Discussion: This species is reported only from belonids of the genera Tylosurus, Platybelone and Ablennes, mostly from the former. It was originally reported in ‘Tylosurus caribbaeus’ [? T. acus] from off Woods Hole, Massachusetts in the Northwestern Atlantic Ocean. Most reports are from the northwestern Atlantic or Gulf of Mexico, including one from T. crocodilus (see Overstreet, 1969). Machida & Kuramochi (2000) reported this species from the Pacific Ocean off Japan and the Philippines.

Genus Overstreetia Bray 1985

ZooBank: urn:lsid:zoobank.org:act:DE25FCA5-450F-448E-9523-78F12BDB65A5.

Overstreetia cribbi sp. n.

ZooBank: urn:lsid:zoobank.org:act:2047A8D5-A5AE-49E9-B521-7EF17CA9F9EA.

Host: Atherinomorus lacunosus (Forster, 1801), Atheriniformes, Atherinidae, hardyhead silverside.

Site: digestive tract.

Locality: Anse Vata, Nouméa (22°18′30″S, 166°25′50″E, 03/10/2008).

Specimens: Holotype MNHN JNC2656, Paratype BMNH 2014.1.31.1.

Etymology: This species is named after our colleague Dr. Tom Cribb, of the University of Queensland, who has contributed immeasurably to our understanding of the taxonomy and biology of digeneans.

Based on 2 ovigerous specimens. Measurements on Table 3. Body elongate, narrow fusiform (Fig. 6). Tegument spinous posteriorly as far as anterior hindbody. Enlarged circum-oral spines present around oral sucker and reaching posteriorly forming arc alongside aperture (Fig. 7), up to 36 long. Oral sucker subglobular, with narrow ventro-terminal aperture. Ventral sucker circular, in anterior half of body, slightly wider than oral sucker. Forebody long. Prepharynx long thick-walled. Pharynx oval. Oesophagus shorter than prepharynx. Intestinal bifurcation in posterior forebody. Caeca pass into uterine area, terminations obscured by eggs.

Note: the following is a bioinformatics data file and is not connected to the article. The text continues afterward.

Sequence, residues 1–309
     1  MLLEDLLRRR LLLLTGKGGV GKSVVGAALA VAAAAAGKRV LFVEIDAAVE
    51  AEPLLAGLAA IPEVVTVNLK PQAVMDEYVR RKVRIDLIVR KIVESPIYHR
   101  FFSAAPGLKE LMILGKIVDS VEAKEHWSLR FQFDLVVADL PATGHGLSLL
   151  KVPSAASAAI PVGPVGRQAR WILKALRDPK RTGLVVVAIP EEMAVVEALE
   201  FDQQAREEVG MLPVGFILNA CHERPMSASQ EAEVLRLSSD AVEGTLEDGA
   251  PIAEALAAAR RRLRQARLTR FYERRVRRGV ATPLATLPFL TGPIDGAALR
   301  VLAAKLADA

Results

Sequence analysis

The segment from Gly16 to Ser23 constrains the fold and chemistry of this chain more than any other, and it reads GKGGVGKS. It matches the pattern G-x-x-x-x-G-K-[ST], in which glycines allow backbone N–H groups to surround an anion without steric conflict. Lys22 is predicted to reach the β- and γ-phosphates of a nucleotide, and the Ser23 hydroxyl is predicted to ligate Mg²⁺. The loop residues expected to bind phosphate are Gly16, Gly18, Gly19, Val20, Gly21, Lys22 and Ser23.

Overstreetia cribbi n. sp.

Figure 6: Overstreetia cribbi n. sp.

Overstreetia cribbi n. sp., ventral view of holotype, uterus in outline. Scale bar 500 µm.
Overstreetia cribbi n. sp.

Figure 7: Overstreetia cribbi n. sp.

Overstreetia cribbi n. sp., photographs. (A) Anterior end of paratype showing spination. (B) Anterior end of holotype showing spination in ventral plane. (C) Anterior end of holotype showing spination in plane slightly dorsal to figure 7B, also showing ventral aperture of oral sucker. (D) Anterior end of holotype showing spination in dorsal plane.
Table 3:
Original measurements of Overstreetia spp.
Bold figures indicate distinctions from O. cribbi.
Species O. cribbi n. sp. O. sodwanaensis O. olsoni
Host Atherinomorus lacunosus Pranesus pinguis Atherinomorus capricornensis
n 2 1 1
Holotype Paratype Holotype Paratype
Length 1,313 1,250 1,947 1,030
Width 255 237 305 134
Forebody length 478 420 736 421
Oral sucker length 163 142 136 78
Oral sucker width 115 104 116 73
Prepharynx length 59 34 173 103
Pharynx length 84 72 111 49
Pharynx width 90 73 98 50
Oesophagus length 57 102 210 116
Intestinal bifurcation to ventral sucker 110 63 64 66
Pre-vitelline distance 584 538 889 491
Long vitelline field 256 248 522 252
Short vitelline field 214 210 530 233
Ventral sucker length 121 155 191 67
Ventral sucker width 141 121 206 73
Cirrus-sac length 258 ? 274 142
Cirrus-sac width 57 ? 83 52
Ventral sucker to ovary distance 0 0 21 4
Ovary length 114 98 136 72
Ovary width 94 82 77 64
Ovary to anterior testis distance 0 0 93 48
Anterior testis length 101 92 156 75
Anterior testis width 84 73 184 57
Distance between testes 0 0 0 0
Posterior testis length 97 101 173 69
Posterior testis width 87 90 153 53
Post-testicular distance 378 404 461 274
Post-vitelline distance 472 458 496 297
Post-uterine distance 13 33 64 61
Post caecal distance ? ? 178 153
Egg length 35–40 (38) 31–39 (36) 35–40 (37) 33–42 (38)
Egg width 14–23 (20) 18–24 (21) 19–26 (23) 17–24 (20)
Width %* 19.4 18.9 15.6 13.0
Forebody %* 36.4 33.6 37.8 40.9
Sucker length ratio 0.74 1.09 1.41 0.86
Sucker width ratio 1.23 1.17 1.78 1.00
Pharynx: oral sucker width ratio 0.78 0.70 0.85 0.68
Oral sucker length %* 12.4 11.4 6.96 7.55
Pharynx length %* 6.36 5.73 5.68 4.73
Ventral sucker length %* 9.20 12.4 9.82 6.53
Oesophagus length %* 4.32 8.20 10.8 11.3
Pre-vitelline distance %* 44.5 43.0 45.6 47.6
Long vitelline field %* 19.5 19.8 26.8 24.5
Ovary length %* 8.69 7.81 6.98 6.97